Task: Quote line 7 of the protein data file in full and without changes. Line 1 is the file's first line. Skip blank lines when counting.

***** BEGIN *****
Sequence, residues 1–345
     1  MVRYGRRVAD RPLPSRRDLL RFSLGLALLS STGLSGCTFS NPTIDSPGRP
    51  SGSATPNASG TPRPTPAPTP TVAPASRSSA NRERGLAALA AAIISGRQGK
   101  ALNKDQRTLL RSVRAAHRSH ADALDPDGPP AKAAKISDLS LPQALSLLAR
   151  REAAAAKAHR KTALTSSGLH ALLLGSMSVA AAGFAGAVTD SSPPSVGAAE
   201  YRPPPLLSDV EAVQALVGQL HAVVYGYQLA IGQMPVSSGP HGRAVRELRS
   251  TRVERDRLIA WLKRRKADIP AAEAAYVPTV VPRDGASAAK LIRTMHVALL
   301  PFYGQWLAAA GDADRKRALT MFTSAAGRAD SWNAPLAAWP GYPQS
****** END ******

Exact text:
   251  TRVERDRLIA WLKRRKADIP AAEAAYVPTV VPRDGASAAK LIRTMHVALL